Patients who need inpatient treatment for serious pregnancy and delivery-related complications may see the coverage under the national health insurance scheme MediShield Life with effect on 1 April.
Speaking during the Committee of Supply speech on Wednesday (6 March), Senior Minister of State for Health Edwin Tong said that this is expected to benefit up to 4,000 patients a year.
He noted that this will provide more assurance to expectant parents who may face large hospitalisation bills as a result of these complications.
Last year, the Ministry of Health (MOH) stated that it would carry out a review to alleviate concerns over healthcare expenses related to marriage and parenthood aspirations.
After consultations with senior clinicians, the coverage of MediShield Life, which focuses on large hospital bills and selected costly outpatient treatments, will be extended to cover 24 complications, which include eclampsia, cervical incompetency and postpartum haemorrhage, under the existing inpatient claim limits.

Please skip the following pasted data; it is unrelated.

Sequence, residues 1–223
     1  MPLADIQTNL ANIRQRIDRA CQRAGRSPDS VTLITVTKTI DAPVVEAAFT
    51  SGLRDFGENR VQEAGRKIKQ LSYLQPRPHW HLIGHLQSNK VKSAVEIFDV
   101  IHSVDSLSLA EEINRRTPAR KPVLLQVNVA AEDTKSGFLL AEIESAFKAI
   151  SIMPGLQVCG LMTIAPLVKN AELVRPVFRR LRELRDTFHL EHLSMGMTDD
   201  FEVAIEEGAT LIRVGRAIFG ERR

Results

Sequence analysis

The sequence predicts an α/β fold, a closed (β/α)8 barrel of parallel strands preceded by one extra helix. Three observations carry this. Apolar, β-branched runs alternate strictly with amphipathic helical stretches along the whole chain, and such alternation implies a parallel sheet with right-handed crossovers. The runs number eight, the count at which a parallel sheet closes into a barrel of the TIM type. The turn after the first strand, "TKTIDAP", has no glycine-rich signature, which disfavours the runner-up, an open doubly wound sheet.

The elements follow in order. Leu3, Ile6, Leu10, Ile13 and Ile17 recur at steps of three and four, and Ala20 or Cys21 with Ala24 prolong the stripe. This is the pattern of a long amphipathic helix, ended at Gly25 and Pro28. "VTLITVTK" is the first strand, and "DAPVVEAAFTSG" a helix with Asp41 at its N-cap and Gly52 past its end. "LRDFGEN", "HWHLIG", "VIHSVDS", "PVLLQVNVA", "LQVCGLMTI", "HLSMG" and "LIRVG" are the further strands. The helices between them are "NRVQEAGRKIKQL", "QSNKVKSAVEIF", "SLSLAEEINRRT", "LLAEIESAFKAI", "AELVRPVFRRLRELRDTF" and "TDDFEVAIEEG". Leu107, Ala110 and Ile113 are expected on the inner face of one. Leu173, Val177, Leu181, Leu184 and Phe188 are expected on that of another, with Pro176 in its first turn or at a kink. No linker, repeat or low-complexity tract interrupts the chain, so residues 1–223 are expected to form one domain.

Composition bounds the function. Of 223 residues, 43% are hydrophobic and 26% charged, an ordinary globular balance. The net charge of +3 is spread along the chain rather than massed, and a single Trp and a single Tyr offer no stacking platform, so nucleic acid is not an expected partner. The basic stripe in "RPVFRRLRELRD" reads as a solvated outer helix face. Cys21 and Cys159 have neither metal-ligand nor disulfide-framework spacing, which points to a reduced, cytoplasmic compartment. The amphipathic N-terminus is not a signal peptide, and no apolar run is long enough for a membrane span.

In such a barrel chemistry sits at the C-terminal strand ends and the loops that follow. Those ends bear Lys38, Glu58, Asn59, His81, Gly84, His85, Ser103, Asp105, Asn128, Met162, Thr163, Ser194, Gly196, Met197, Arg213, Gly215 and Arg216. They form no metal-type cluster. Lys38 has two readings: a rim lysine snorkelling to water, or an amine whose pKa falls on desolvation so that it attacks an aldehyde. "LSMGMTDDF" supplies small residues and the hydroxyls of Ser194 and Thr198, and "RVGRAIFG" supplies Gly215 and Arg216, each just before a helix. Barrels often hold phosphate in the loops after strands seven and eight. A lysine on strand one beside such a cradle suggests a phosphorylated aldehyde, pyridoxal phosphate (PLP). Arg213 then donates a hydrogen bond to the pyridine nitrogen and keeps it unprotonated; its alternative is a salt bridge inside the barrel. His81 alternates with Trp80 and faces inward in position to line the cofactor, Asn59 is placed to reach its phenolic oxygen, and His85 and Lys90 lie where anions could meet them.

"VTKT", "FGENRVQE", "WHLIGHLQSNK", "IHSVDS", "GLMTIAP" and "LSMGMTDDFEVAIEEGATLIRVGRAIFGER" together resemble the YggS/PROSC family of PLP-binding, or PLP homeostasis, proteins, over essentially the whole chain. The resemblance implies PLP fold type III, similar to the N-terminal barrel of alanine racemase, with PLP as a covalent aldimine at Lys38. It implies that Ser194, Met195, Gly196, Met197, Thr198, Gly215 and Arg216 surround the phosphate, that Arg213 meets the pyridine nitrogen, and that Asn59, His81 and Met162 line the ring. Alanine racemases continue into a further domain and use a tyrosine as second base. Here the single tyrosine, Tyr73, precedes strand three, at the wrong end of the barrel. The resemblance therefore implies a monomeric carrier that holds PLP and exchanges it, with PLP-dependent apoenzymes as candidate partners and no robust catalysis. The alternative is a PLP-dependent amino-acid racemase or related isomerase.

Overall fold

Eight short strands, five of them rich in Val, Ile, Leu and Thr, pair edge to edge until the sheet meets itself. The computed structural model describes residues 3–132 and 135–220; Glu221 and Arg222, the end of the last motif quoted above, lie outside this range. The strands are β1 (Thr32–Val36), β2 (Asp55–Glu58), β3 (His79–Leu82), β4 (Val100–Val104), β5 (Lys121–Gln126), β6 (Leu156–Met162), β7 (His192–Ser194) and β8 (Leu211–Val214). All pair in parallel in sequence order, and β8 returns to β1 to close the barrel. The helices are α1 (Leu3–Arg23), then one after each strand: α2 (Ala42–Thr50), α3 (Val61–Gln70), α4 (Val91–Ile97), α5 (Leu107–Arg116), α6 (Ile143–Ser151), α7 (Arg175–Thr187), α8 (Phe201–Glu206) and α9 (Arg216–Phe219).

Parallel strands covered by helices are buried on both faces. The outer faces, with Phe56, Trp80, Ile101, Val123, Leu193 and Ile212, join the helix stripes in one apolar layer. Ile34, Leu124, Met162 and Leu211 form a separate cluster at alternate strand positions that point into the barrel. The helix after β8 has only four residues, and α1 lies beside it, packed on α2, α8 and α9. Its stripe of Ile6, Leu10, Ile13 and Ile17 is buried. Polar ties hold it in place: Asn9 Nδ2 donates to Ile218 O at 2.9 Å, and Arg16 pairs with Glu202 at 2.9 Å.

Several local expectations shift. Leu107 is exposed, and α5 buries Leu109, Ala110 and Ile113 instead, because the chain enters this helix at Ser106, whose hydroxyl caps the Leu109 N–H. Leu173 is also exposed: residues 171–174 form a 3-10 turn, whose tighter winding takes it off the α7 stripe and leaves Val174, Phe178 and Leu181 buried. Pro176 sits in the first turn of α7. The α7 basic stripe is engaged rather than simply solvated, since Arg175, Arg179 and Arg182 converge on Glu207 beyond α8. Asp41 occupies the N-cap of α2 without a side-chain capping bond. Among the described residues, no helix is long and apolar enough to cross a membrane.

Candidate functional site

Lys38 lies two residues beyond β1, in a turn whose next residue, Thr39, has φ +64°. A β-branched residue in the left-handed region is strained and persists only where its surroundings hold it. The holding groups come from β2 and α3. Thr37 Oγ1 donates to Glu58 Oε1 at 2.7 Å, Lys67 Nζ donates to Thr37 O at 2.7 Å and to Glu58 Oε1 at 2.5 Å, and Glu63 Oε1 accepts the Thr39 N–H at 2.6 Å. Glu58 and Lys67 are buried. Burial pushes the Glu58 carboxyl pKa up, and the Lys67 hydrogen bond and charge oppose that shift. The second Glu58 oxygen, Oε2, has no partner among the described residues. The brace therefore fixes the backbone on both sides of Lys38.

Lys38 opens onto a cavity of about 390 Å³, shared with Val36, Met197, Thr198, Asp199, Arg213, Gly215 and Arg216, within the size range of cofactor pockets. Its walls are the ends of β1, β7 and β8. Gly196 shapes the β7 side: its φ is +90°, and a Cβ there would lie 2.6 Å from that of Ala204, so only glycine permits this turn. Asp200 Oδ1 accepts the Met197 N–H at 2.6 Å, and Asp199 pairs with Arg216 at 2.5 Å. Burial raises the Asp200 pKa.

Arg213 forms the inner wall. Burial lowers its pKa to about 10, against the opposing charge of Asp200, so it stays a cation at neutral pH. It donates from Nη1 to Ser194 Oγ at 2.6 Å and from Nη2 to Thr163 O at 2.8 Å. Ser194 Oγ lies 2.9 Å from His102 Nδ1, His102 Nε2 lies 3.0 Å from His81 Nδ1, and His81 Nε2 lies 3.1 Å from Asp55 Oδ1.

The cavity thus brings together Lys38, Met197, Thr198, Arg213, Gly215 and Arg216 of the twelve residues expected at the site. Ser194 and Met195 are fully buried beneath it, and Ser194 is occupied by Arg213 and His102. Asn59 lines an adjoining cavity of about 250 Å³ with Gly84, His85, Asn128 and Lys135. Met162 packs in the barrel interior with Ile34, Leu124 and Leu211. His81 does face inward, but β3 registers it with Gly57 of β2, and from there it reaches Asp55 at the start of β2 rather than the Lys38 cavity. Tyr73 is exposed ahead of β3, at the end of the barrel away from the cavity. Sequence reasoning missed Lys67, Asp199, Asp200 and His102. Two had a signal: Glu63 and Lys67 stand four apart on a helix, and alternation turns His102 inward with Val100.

Another move is that MediShield Life coverage will also be extended to patients who continue their autologous bone marrow transplant treatments, including post-transplant monitoring, for outpatient treatments at approved hospitals.
Mr Tong stated that this change aimed at supporting patients in furthering their treatments, who will have a claim limit of up to S$6,000 per treatment.
“On bone marrow transplants, patients undergoing an autologous bone marrow transplant for multiple myeloma used to be admitted for the entire transplant treatment,” the minister said.
“Presently, however, part of that transplant treatment, including conditioning, stem cell infusion and post-transplant monitoring can now be done in an outpatient setting for suitable patients. This potentially shortens the inpatient stays by up to three weeks,” Mr Tong added.
He also noted that more than 20 patients a year will likely benefit from the enhancement. Treatment received in the inpatient setting will continue to be claimable under the existing inpatient claim limits.